Thursday, October 1, 2009

Twelfth of Twelve

I had so many ideas for this piece—too many really. I couldn't settle on one for a long time. One of my ideas was to show a glass slipper lying on pavement, next to a pumpkin. Would you have understood that one? It would represent the events of TWELVE o'clock, midnight, in the story of Cinderella when she dashed away, losing one of her slippers and her coach turned back into a pumpkin. My enthusiasm for that idea faded as I pictured what my piece might look like—a child's book illustration that we have all seen all too many times. I really did like the idea of a dozen eggs in a big bowl, all in pale egg-y hues. Maybe I'll do that someday. I thought of a clock face with the numbers 1 to 12 and that led me to my final plan.

A number of years ago I made a series of quilts with mandala themes. Classic Tibetan mandala designs are circles that are typically divided into 8 segments, but for reasons I don't even know, I created all my mandala designs, starting with a circle divided into 12 segments. Here is one of those quilts, called Earth, Moon and Sun. It was published in a book of mandala quilts called Within Sacred Circles.

When I remembered this, I also remembered that I learned that mandalas symbolize wholeness. This twelfth quilt, in a series of twelve would complete the group, making it whole. Once I hit on that idea it occurred to me that the parts that make up the mandala design should be elements taken from each of the previous 11 quilts. If you look carefully, you will see elements from each of the 11 pieces I made as my part of the Twelve by Twelve project.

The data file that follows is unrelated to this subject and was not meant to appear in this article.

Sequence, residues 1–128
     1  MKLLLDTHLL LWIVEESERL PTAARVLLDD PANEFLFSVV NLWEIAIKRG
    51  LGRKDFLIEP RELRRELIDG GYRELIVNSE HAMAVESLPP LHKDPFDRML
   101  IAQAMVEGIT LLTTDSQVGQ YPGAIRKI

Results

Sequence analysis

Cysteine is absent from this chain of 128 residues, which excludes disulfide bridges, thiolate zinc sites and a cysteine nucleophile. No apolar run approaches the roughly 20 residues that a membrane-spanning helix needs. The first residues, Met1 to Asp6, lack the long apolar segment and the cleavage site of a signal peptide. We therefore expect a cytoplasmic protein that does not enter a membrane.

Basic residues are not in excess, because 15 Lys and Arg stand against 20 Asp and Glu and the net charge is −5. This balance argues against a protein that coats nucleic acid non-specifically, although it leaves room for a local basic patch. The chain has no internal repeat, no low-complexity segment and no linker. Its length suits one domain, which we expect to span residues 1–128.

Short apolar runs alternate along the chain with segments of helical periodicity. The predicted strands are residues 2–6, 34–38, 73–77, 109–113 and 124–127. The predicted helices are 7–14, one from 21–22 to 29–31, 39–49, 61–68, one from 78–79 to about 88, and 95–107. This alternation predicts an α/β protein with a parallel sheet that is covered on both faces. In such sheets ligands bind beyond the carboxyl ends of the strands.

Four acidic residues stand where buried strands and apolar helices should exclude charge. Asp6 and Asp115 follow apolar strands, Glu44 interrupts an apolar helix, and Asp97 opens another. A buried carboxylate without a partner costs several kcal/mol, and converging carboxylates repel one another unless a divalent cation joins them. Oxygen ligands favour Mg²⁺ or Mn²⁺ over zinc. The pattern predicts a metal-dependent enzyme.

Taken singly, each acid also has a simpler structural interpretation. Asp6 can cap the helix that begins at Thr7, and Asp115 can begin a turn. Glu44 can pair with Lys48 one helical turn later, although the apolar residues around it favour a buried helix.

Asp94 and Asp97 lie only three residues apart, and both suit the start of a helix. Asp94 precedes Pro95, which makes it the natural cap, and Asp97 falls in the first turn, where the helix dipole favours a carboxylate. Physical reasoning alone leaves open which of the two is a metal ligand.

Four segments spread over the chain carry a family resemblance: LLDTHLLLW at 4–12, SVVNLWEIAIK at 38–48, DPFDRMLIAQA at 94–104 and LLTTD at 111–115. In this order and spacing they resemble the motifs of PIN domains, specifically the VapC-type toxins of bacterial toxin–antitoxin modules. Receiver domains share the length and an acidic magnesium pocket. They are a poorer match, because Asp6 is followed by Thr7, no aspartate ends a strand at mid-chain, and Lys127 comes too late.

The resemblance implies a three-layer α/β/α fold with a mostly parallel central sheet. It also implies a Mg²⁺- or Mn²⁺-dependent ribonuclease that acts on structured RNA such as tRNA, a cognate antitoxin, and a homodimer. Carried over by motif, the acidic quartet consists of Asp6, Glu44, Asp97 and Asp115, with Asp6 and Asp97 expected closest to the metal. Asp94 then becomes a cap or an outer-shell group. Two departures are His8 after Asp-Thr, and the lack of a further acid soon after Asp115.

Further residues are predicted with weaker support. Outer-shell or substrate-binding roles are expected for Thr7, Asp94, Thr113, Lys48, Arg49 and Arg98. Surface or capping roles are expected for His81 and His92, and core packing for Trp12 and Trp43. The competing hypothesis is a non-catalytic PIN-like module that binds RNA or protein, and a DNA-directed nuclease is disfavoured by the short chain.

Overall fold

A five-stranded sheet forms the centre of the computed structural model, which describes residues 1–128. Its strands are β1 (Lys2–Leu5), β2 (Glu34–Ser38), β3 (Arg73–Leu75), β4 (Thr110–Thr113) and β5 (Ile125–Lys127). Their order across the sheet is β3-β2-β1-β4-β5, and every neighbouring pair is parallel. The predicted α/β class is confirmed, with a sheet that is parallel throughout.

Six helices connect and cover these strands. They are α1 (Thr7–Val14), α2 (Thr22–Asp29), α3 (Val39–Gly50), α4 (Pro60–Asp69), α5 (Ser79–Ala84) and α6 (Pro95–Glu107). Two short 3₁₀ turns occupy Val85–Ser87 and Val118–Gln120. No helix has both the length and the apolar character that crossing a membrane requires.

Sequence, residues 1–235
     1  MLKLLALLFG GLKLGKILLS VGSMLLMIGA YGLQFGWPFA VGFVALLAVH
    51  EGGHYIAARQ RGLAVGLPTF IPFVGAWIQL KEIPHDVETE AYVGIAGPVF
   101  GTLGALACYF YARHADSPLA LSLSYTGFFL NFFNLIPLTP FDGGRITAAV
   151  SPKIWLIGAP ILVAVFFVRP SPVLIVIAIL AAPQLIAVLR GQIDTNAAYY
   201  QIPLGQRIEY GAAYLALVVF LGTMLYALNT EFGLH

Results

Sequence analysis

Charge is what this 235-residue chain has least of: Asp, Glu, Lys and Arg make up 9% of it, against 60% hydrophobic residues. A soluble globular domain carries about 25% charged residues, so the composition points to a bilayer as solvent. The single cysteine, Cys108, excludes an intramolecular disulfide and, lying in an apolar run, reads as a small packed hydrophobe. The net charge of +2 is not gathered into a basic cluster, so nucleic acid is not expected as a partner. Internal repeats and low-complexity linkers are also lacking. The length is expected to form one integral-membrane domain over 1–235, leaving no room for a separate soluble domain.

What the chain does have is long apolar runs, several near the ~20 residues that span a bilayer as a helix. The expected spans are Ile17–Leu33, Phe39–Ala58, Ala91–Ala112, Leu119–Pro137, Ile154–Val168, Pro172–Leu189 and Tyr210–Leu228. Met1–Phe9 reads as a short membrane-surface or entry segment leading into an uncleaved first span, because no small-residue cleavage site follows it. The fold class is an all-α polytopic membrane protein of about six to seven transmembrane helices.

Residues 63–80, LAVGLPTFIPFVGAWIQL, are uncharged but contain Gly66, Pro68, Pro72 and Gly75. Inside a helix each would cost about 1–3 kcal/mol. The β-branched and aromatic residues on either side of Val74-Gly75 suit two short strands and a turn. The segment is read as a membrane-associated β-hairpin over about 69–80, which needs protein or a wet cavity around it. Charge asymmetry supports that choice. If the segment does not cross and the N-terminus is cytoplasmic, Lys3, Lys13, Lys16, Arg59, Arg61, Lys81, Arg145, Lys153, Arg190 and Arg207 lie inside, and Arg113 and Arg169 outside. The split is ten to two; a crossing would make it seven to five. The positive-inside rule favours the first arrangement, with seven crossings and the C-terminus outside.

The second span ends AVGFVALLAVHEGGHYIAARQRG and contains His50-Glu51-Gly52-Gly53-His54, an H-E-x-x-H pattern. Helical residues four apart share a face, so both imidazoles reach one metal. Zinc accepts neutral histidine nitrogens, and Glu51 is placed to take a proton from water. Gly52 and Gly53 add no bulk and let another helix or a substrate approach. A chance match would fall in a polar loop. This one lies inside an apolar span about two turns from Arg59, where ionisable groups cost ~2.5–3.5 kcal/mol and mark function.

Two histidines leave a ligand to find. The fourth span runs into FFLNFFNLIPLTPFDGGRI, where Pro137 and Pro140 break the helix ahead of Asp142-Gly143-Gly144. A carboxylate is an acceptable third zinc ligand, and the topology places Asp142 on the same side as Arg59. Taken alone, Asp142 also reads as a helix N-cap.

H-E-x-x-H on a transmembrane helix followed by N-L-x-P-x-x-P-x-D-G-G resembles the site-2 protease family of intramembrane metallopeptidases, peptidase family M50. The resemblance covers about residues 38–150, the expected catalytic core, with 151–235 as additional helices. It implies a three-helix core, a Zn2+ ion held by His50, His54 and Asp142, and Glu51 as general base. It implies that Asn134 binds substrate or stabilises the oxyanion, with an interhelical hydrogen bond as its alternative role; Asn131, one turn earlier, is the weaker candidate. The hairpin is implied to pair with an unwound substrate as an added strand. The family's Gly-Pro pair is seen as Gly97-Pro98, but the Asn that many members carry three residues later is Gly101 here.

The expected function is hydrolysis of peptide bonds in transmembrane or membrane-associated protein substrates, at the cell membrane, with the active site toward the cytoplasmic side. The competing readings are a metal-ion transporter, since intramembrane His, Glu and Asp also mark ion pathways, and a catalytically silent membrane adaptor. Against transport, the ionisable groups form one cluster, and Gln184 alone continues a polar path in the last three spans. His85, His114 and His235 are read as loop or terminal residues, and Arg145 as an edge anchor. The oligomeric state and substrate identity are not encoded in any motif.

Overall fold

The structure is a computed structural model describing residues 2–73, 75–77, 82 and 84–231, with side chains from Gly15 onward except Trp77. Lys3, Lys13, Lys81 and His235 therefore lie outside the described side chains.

I used Photoshop to isolate elements from the 11 quilts, then began moving them around on a 30° wedge, drawn in Illustrator and imported into Photoshop. When I had a design I liked, I copied and rotated the wedge to form a circle. Every other section was flipped so the sections seem to be reflections of each other, much like the images seen in a kaleidascope. Then I printed twelve individual wedges on treated fabric, which I put together on a fabric background. The green circle in the center is the green ball that appears in my "chair" piece and is the only element that is not repeated twelve times.